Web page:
Published: Opinion reversing
Stephen Stinson appeals from an order of Barren Family Court holding him in contempt of an amended domestic violence order for violating the no contact or communication provision.
A decree dissolving the parties’ marriage was entered in November, 2009. In September, 2009, Tracy sought a DVO because Stephen’s telephone calls, text messages, and other threats caused her to fear for her safety and that of her children. The court entered an emergency protection order and scheduled a hearing the next month.
After the hearing on October 5, 2009, a DVO forbidding Stephen from having any contact with Tracy was entered, to be effective until October 5, 2012. Stephen was also required to complete domestic violence counseling and an alcohol and drug education program and to provide the court with certificates of completion by July 1, 2012. He did not file the certificates of completion.
Pursuant to the order entered October 5, 2009, the court reviewed the matter on August 17, 2010 with neither party appearing in court. Stephen was held in contempt for failure to comply with the terms of the DVO and he was sentenced to ten days in jail, suspended on condition that he file the certificates by April 1, 2011. The matter was set for review on May 10, 2011. In a separate order, the court entered an amended DVO providing for the new date for completion of the programs and extending the amended DVO until October 5, 2012. Two attempts to serve Stephen were returned as undeliverable.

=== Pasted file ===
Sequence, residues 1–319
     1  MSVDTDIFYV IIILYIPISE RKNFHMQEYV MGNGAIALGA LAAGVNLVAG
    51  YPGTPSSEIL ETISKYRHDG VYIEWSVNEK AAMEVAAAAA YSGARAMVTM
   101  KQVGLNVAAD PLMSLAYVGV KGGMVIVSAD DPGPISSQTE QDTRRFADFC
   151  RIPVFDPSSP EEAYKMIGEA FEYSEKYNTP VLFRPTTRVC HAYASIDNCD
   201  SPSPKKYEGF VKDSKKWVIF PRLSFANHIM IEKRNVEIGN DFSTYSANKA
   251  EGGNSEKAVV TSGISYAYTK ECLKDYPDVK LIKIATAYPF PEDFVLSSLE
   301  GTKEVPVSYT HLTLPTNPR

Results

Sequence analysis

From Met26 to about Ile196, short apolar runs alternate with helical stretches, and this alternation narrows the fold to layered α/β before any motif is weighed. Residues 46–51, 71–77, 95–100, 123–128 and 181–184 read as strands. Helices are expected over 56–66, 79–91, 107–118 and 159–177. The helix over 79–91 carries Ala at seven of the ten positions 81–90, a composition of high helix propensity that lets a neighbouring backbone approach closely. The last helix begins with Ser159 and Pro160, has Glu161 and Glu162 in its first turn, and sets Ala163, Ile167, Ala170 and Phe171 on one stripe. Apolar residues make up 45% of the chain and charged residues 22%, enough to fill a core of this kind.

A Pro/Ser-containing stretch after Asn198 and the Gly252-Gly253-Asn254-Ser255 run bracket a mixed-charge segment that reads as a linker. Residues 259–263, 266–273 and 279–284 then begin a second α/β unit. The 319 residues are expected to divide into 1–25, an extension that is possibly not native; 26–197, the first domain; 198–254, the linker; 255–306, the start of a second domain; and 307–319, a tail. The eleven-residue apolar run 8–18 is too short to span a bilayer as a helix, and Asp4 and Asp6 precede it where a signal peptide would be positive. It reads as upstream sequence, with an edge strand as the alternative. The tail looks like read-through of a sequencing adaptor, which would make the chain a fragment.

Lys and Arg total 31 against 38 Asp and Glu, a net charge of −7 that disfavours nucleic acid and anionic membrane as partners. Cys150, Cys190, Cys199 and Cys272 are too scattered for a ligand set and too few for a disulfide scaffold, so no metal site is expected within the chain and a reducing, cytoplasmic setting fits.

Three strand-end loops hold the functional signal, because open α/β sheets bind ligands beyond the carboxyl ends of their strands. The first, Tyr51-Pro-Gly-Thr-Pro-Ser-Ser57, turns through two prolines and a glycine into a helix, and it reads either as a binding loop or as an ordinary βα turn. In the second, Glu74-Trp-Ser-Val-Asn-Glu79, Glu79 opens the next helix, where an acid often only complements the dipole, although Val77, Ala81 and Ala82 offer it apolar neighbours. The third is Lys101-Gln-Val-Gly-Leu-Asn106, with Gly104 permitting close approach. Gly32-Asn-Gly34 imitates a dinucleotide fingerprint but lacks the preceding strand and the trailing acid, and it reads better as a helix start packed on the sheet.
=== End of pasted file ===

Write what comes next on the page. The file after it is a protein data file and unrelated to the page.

On February 25, 2011 Tracy filed a domestic violence show cause order after she received a threatening letter from Stephen. Both parties appeared, without counsel, on March 18, 2011. The court allowed Stephen to file an affidavit of indigency and subsequently appointed the DPA to represent him.
At the rescheduled show cause hearing held June 24, 2011, Stephen argued that since he had not been served with the amended DVO, he could not be held in contempt for violating its terms, and that the allegedly contemptuous behavior occurred after expiration of the original DVO. After hearing testimony from the parties, the court found Stephen in contempt. He was sentenced to ten days in jail, suspended on the condition that he purge himself of contempt by complying with the amended DVO. This appeal followed.
Stephen contests entry of the original DVO pursuant to the palpable error rule of RCR 10.26, arguing that Tracy failed to establish that domestic violence had occurred or was likely to occur in the future. The Court of Appeals held that Stephen’s failure to file a timely appeal from the original DVO precluded him from contesting the original DVO in this appeal.
Stephen further argued that he could not be held in contempt for failing to comply with the amended DVO because he was never served. Notice and service requirements apply to all orders of protection issued pursuant to KRS 403.715 and KRS 403.785. Until an individual has been served with an amended DVO or notified of its existence and terms, there can be no finding of a violation of its terms. Therefore, the June 24, 2011 contempt order was improperly entered and must be reversed.